The Fountainhead


Year 1949

Gary Cooper as  Howard Roark
Patricia Neal as Dominique Francon
Raymond Massey   as Gail Wynand
Kent Smith as Peter Keating
Robert Douglas as Ellsworth M. Toohey  
Ray Collins as Roger Enright
 
Director - King Vidor
Screenwriter - Ayn Rand
Book Author - Ayn Rand

This movie, The Fountainhead is not a great technical work. The acting is wooden and the direction is pedestrian and unsure. But the subject matter is important. It deals with how an individual is defined in The United States of America and what made the U.S.A. the greatest nation ever on the face of the earth. It promotes the belief that a single individual is more important than a society.

I'm sure that this movie, which I saw for the first time in the 60s, influenced my belief in the rights of invidiuals.

If you're not familiar with the movie, the plot is that a visionary architect named Howard Roark (Cooper) refuses to compromise his life and beliefs. Fighting against all odds, he remains true to his inner vision and produces wonderful works. Then, his work is corrupted and he destroys the results. The opinion of the author, Ayn Rand, is that the destruction of a work by a creator is within the rights of that creator.

I happen to agree, even if this does pose a moral dilema. Someone once asked about a hypothetical situation. What if a single person has developed a cure for a plague that is wiping out humanity and that person refuses to share? Can the government step in and take it away "for the greater good"? Personally, I don't believe that the government has that right, even if it means saving the lives of millions. Why? Because the ends do NOT justify the means. But for at least as far back as Lincoln, the government has not cared about an individual's rights.

Enter Ayn Rand, a woman who left Russia when the communists took power and applied their brand of socialism to the detriment of the population. She loved the American idea that one person is more important than the whole. She wrote to warn people of what could happen if that concept were to ever be betrayed. She knew that she was fighting a war of entropy and that she'd lose in the end, but she'd try and delay the inevitable.

Her books, and this movie, champion the idea that not only is the concept of donating to society nothing more than a means by those in power to reap a harvest for their own benefit, but also that certain individuals should have a separate set of rules and laws to allow them to be the geniuses that they are.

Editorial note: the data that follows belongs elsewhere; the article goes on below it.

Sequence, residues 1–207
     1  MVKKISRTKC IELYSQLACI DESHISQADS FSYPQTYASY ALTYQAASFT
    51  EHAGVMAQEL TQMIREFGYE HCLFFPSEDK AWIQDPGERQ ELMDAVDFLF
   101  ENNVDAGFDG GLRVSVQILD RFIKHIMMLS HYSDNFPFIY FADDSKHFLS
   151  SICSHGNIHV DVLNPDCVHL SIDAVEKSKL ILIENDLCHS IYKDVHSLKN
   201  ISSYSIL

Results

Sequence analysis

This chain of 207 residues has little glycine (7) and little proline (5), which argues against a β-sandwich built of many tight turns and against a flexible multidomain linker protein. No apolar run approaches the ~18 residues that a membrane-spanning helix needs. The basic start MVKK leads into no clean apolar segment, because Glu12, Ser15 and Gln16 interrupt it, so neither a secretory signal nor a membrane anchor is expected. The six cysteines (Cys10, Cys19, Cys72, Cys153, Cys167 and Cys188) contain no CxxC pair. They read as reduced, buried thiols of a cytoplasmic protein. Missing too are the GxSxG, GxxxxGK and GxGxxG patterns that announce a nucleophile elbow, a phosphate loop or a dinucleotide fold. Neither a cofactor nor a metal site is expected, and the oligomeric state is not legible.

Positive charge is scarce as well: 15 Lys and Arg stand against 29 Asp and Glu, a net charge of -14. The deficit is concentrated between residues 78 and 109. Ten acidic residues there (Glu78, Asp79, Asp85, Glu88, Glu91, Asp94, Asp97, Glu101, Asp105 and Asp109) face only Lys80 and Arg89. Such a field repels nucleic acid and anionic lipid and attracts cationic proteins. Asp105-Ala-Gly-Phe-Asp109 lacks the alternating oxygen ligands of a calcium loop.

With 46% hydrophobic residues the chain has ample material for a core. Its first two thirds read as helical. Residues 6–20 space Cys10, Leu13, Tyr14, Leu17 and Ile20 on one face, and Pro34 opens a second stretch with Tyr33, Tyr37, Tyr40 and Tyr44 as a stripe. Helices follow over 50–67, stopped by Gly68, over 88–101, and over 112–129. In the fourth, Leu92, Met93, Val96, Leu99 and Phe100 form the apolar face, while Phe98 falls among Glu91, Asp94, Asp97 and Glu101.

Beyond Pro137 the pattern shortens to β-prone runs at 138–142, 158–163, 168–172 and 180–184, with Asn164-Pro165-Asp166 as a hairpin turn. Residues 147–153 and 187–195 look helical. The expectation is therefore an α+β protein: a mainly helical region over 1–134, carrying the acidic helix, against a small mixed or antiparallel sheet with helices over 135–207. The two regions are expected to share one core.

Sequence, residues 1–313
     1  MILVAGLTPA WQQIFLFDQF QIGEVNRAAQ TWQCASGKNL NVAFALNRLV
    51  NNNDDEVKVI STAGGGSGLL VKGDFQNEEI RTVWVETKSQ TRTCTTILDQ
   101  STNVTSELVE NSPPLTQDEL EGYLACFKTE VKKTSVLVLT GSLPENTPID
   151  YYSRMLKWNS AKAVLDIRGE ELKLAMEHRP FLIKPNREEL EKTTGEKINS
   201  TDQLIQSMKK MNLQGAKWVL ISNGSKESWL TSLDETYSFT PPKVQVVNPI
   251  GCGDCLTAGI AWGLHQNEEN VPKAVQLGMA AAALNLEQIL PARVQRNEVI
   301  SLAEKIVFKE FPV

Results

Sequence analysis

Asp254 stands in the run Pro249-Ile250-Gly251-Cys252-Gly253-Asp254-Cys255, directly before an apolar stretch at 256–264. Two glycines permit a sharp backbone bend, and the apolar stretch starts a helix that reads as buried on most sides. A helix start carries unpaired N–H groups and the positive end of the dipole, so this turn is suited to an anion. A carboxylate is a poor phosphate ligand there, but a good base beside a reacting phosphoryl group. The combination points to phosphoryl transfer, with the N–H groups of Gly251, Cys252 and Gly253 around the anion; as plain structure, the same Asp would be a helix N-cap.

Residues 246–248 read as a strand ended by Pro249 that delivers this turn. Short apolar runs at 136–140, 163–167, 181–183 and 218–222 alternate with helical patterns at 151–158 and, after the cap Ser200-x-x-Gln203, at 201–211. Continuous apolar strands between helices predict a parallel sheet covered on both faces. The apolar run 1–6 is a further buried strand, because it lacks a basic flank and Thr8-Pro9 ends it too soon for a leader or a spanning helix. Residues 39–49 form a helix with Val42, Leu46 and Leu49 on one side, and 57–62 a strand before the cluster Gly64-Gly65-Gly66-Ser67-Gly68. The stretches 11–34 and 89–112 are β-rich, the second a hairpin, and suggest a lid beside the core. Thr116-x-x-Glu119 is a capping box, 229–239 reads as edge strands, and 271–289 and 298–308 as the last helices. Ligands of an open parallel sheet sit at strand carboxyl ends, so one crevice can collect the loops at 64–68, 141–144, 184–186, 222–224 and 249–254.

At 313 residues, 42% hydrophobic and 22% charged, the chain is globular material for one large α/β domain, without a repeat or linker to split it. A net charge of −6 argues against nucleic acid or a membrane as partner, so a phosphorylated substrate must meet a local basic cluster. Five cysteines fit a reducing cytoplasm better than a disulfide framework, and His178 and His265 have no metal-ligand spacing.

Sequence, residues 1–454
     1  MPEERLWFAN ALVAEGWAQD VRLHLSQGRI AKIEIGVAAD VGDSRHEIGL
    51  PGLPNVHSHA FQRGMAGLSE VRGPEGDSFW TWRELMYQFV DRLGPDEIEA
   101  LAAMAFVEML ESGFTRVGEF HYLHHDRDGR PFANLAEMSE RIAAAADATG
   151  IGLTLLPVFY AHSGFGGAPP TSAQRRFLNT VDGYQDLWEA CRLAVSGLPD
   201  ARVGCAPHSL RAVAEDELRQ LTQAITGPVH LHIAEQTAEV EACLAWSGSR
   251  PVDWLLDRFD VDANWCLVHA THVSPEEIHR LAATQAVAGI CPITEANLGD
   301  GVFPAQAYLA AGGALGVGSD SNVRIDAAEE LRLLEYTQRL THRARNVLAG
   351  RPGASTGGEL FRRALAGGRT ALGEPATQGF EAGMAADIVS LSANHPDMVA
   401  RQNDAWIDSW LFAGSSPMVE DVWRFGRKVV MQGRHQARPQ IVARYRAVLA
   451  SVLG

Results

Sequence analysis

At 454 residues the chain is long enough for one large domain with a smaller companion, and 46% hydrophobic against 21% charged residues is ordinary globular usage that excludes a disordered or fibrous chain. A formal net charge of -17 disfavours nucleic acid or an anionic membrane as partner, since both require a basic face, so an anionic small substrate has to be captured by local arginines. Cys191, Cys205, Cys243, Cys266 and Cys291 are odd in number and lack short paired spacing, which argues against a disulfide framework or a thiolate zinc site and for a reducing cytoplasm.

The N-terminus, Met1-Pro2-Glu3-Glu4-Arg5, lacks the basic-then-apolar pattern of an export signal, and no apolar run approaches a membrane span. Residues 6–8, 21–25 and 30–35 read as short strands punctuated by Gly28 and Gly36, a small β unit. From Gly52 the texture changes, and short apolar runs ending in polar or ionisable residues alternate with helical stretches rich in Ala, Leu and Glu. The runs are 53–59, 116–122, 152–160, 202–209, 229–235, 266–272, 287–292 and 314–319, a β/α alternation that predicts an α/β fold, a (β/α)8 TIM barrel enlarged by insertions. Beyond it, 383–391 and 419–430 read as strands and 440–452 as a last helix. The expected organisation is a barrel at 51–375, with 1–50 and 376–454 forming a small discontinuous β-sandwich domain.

I don't agree with that last part. But as for the first part, I'm on-board. Her philosophy even has a name. It's called Objectivism.

The term "fountainhead" means original source. Roark, based on architect Frank Lloyd Wright, would rather work at manual labor than have his orginal, creative ideas suborned. It's a tough road for this man of unwavering strength and belief, but he meets other men who have become successful because they, too, have never compromised their identity or goals. With these men as patrons, Roark's need to create is satisfied.

The Roark character is stripped down to the parts that Rand needs to make her point. The same is true of most of the other characters. They contain nothing but what makes them necessary to the telling of the story. Ellsworth M. Toohey (Douglas), the architectural editor of a popular newspaper called "The Banner" is one of the great villains of cinema. He uses people to further his agenda. His agenda is to promote socialism and he builds up and destroys from the shadows.

Peter Keating (Smith) is a minimally talented architect who rises to the top by selling out anything that doesn't advance his career. Roger Enright (Collins) is an individualist who answers to no one and is quite cavlier regarding the need to be accepted. Gail Wynand (Massey), the owner of "The Banner", is what Roark would have been if he'd sold out. Wynand has pandered to the masses and despite his wealth does not have the backbone to take a real stand. In the end, he finds that he is nothing more than a puppet rather than a puppet master.